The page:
banner

Exhibits

May 15 - Sept. 11, 2014

Barbara Van Cleve Photography Exhibit Spotlights Resilience of Ranch Women
“Hard Twist” opens May 15 at the National Cowgirl Museum and Hall of Fame  

FORT WORTH, TEXAS (April 28, 2014) – National Cowgirl Museum and Hall of Fame the only museum in the world dedicated to honoring women of the American West who have displayed extraordinary courage in their trailblazing efforts – is pleased to welcome back a temporary exhibit by 1995 National Cowgirl Hall of Fame Honoree Barbara Van Cleve entitled “Hard Twist: Western Ranch Women.” The exhibit of over 60 stunning black and white photographs depicting the tough and resilient side of ranch women of the American West will be available for public viewing May 15 in the Museum’s temporary exhibit hall.

The exhibit features photos of 29 ranch women, including five National Cowgirl Museum and Hall of Fame Honorees - Jan Youren, Ruby Gobble, Gretchen Sammis, Bobby Brooks Kramer, and Linda Mitchell Davis. Visitors will be able to enjoy a guided tour of the exhibit using mobile devices, and hear the remarkable stories behind several of the photographs directly from Van Cleve.

Van Cleve’s mother inspired the exhibit and indentified the lack of published photographs of women ranchers. Van Cleve spent much of 1986-1994 traveling the Rocky Mountain West on horseback gathering images and interviews from women of the West in their natural elements – out on the range, ranch, or at rodeos. From her travels, she created the book titled “Hard Twist: Western Ranch Women” in 1995, from which the exhibition was created. The term “Hard Twist” refers to the old Manila hemp lariat rope that is tightly twisted.  Van Cleve recognized that the term can also refer to a small, compact, physically strong person that rarely breaks – much like women of the West.

“We are thrilled to have Barbara Van Cleve’s ‘Hard Twist’ exhibit featured at the Museum,” said Dr. Diana Vela, National Cowgirl Museum and Hall of Fame Associate Executive Director, Exhibits and Education. “The photographs of ranch women, during ordinary moments in their day, are really quite extraordinary in their ability to capture personal moments in the midst of some rather difficult ranch tasks.”

Van Cleve is nationally known for her photographs of western landscapes, ranchers, cowboys and cattle women. Her heritage is rich with firsthand experience of the cowgirl life. She grew up on her family’s ranch, the Lazy K Bar, founded in 1880 in the Crazy Mountains of Montana. Her first camera was a “Brownie Box,” given to her at age 11 along with a developing kit, and her childhood was spent working and experiencing life on the ranch in the American West and cultivating her inter­est in photography. She taught English Literature and Photography at DePaul University in Chicago, and then became the youngest Dean of Women in the United States. She retired from academia in 1980 to pursue photography full time and had her first major exhibition in the fall of 1985. Her work is in public and private collections in the United States as well as internationally.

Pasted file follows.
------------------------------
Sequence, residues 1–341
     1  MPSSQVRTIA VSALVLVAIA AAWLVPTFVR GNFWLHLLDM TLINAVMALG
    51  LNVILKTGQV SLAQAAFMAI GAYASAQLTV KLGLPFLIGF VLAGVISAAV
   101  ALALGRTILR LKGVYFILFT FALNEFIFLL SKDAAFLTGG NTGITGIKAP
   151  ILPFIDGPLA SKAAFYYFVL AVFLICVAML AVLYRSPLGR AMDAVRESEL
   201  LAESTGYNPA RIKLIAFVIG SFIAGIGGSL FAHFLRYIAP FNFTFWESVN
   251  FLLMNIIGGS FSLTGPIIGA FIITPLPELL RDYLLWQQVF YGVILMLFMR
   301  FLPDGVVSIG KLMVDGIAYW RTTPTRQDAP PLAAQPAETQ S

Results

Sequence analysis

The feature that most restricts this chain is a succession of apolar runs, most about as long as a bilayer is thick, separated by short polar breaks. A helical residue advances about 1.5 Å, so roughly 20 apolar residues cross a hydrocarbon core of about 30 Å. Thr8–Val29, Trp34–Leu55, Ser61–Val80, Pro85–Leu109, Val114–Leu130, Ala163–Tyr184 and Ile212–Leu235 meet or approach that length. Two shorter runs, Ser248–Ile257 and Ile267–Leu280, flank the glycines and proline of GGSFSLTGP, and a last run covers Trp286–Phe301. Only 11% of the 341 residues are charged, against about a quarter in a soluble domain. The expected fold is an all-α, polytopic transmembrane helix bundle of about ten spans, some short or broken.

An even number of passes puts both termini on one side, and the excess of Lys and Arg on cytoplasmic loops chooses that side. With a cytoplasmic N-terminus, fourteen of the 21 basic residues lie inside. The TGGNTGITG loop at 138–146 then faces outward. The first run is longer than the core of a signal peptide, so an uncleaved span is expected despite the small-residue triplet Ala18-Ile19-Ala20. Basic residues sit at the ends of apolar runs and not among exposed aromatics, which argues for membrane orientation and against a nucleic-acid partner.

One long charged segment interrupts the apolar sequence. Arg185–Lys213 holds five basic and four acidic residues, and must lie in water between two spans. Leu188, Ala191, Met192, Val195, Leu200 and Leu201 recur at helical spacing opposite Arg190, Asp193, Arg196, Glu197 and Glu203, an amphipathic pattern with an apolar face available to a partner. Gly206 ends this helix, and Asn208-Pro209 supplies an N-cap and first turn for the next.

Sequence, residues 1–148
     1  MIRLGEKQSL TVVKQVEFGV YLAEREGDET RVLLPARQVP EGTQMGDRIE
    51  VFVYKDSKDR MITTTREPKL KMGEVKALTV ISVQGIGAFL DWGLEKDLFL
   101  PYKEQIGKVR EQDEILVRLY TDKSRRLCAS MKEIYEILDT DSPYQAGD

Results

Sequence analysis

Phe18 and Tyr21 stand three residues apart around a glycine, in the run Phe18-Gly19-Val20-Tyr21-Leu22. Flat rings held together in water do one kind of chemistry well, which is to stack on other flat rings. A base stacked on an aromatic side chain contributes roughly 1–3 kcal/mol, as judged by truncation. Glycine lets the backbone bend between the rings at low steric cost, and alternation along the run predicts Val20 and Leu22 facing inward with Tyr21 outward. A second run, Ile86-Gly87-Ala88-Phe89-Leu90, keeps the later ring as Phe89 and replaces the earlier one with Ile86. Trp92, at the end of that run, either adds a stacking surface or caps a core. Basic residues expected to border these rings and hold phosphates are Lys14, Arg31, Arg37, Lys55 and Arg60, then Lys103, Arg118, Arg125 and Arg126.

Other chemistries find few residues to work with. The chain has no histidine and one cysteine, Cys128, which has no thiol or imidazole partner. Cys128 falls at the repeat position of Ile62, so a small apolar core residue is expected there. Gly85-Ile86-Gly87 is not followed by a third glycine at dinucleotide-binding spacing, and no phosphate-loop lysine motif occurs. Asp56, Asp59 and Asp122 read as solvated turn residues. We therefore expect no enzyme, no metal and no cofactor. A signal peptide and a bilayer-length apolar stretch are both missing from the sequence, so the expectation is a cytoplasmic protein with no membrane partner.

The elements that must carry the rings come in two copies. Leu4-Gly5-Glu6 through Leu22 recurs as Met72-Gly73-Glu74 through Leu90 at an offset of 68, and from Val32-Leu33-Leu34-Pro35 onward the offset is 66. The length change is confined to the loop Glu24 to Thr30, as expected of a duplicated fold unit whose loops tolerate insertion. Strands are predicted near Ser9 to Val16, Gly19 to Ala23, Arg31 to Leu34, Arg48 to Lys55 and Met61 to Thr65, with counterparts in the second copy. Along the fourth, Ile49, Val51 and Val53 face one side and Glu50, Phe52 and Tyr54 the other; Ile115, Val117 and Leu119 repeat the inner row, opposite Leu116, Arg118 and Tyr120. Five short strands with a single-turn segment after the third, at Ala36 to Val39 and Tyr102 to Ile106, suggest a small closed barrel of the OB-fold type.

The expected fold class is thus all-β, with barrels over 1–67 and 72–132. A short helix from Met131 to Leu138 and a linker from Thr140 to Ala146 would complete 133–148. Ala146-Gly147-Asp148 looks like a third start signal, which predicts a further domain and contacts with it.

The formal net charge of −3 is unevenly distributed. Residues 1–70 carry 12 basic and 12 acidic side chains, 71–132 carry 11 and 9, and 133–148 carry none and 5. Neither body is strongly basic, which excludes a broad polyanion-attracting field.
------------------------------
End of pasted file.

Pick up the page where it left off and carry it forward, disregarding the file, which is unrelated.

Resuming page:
For more news about the National Cowgirl Museum and Hall of Fame, visit www.cowgirl.net, and follow on Facebook at www.facebook.com/NCMHOF, Twitter at www.twitter.com/cowgirlmuseum, Instagram www.instagram.com/cowgirlmuseum, Pinterest at www.pinterest.com/cowgirlmuseum, and YouTube at: www.youtube.com/user/cowgirlmuseum.

About the National Cowgirl Museum & Hall of Fame
The National Cowgirl Museum and Hall of Fame honors and celebrates women, past and present, whose lives exemplify the courage, resilience, and independence that helped shape the American West, and fosters an appreciation of the ideals and spirit of self-reliance they inspire. The Hall of Fame’s purpose is twofold: to preserve the history and impact of western women living from the mid-1800s to present day, and to foster an appreciation for their ideals and spirit of self-reliance. These women are the legacy of legends — artists and writers, champions and competitive performers, entertainers, ranchers (stewards of land and livestock), trailblazers and pioneers. The Museum is considered an invaluable national educational resource for its exhibits, research library, rare photograph collection, and award-winning distance-learning programs for grades K-12 and adults.


Located at 1720 Gendy Street, Fort Worth, Texas 76107, the Cowgirl is open Monday (Memorial Day to Labor Day) from 10 a.m. to 5 p.m., Tuesday through Saturday from 10 a.m. to 5 p.m., and Sunday from noon to 5 p.m. Admission is $8 for children ages 3 to 12 and senior citizens (60+) and $10 for adults (ages 13+). For more information, please visit www.cowgirl.net or call 817-476-FAME (3263).

MEDIA CONTACT
Tara Trask
817-509-8969
ttrask@cowgirl.net